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Copyright © 2015 Strategic Management Services, LLC. Published with permission.


Low-volume hospitals bring high risks: a drive might save your life

Patients who undergo procedures at low-volume hospitals are subjecting themselves to an increased risk of complications and death because surgical teams at those hospitals perform too few procedures to maintain adequate levels of skill. According to a U.S. News & World Report analysis, large numbers of low-volume hospitals continue to put patients at increased risks despite three decades of research tying low-volume hospitals to higher incidents of complications and death.

Increased risk

According to an evaluation of five procedures from the U.S. News analysis, as many as 11,000 deaths might have been prevented between 2010 and 2012 if patients had undergone procedures at the highest-volume fifth of hospitals rather than the lowest-volume fifth. Some evaluations suggest that if other procedures are considered, tens of thousands of deaths might have been avoided. The increased risk of dying at a low-volume hospital from relatively safe procedures is staggering. For example, at one 25-bed Colorado hospital, the relative risk of death for elective knee replacement patients at the hospital was 24 times the national average. Similarly, at a 331-bed medical center in Florida, the relative risk of dying following a hip replacement was nine times the national average and, at a 316-bed New Jersey Medical Center, the risk for patients who had heart bypass surgery was four times above the national average.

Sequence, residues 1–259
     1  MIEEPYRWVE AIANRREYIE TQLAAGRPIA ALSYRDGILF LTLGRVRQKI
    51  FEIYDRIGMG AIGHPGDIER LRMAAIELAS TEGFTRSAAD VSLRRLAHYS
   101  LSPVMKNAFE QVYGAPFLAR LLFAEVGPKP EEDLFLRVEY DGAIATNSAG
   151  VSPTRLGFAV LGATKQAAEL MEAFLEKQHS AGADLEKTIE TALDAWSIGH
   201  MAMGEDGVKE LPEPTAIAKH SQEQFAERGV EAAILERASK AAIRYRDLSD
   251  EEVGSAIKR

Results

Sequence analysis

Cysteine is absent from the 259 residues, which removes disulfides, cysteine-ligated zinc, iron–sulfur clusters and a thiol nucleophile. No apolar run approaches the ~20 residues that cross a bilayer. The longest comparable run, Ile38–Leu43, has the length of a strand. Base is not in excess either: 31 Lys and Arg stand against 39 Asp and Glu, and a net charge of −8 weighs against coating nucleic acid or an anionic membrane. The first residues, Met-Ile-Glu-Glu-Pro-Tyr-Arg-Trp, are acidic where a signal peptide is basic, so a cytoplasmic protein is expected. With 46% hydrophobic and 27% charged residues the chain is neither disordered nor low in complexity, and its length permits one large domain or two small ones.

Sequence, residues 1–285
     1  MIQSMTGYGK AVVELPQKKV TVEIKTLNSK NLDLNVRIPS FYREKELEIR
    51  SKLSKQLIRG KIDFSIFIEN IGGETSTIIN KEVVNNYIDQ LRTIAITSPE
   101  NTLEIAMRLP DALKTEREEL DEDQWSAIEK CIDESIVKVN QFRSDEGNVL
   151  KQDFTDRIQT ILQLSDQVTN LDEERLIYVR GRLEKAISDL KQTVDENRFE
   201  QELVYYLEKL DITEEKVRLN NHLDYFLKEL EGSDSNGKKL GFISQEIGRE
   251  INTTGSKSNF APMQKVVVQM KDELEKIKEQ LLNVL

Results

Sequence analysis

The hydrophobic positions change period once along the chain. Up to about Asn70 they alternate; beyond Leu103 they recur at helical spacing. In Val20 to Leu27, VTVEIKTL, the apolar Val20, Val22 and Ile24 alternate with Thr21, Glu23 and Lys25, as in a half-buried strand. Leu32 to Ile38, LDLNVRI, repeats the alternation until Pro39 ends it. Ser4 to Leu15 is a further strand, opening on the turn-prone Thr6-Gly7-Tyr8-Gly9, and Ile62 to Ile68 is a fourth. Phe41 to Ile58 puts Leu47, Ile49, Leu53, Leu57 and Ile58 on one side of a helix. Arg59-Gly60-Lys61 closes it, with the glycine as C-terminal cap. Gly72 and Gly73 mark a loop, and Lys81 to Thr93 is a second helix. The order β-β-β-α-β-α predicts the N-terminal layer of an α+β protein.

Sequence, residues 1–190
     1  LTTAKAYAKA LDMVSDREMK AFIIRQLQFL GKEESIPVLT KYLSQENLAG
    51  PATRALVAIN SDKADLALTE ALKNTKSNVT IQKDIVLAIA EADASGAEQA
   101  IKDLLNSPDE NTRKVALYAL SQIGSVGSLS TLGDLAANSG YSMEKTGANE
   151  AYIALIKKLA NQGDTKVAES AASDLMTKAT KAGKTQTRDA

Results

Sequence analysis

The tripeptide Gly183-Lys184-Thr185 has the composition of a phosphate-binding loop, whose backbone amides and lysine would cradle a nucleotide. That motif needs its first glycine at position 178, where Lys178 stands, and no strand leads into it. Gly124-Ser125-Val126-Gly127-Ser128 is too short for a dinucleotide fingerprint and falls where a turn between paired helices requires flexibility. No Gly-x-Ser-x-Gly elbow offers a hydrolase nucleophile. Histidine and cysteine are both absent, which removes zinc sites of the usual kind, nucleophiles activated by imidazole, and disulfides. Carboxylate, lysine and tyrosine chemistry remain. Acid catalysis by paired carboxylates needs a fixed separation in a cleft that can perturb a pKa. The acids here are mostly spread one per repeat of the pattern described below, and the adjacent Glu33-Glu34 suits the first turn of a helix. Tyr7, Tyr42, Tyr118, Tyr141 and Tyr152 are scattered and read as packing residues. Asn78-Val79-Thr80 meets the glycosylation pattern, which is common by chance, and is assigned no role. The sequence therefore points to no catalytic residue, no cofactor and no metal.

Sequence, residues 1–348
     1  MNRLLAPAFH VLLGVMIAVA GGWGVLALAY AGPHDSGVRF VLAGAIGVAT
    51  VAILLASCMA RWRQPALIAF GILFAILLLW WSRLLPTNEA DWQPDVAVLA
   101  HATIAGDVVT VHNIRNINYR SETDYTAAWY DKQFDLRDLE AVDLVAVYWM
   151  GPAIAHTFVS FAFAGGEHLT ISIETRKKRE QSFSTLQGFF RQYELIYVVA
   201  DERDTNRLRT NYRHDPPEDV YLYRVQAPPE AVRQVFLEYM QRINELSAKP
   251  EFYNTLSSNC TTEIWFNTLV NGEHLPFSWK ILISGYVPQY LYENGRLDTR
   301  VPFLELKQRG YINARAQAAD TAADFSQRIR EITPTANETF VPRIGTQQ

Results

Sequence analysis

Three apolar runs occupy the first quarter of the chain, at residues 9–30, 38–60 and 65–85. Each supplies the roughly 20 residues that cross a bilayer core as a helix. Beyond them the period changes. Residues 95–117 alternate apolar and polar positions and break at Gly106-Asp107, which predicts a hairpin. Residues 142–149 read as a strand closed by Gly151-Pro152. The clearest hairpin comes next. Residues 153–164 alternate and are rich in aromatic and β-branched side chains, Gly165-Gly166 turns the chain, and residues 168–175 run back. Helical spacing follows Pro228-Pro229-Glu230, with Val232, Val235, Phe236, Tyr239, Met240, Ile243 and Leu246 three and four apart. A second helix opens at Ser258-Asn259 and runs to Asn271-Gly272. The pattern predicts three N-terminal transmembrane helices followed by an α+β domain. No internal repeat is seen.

Ultra-low-volume hospitals were identified as those which treated “fewer than 25 traditional Medicare inpatients from 2010 through 2012 for nearly 20 frequent procedures and conditions.” Between 2010 and 2012, ultra-low-volume hospitals performed or treated an average of 3.3 hip replacements per year, 3.7 knee replacements per year, 4.1 basic heart bypass surgeries per year, 3.9 cases of heart failure per year, and 4.3 cases of chronic obstructive pulmonary disease per year. Knee-replacement patients at the ultra-low-volume hospitals had “double the national average death risk and a 25 percent higher rate of readmission because of post-discharge complications.” Similarly, “hip-replacement patients faced a 77 percent higher risk of death and a 25 percent higher risk of readmission.” The problem stems from the simple fact that surgical teams at low-volume hospitals are out of practice.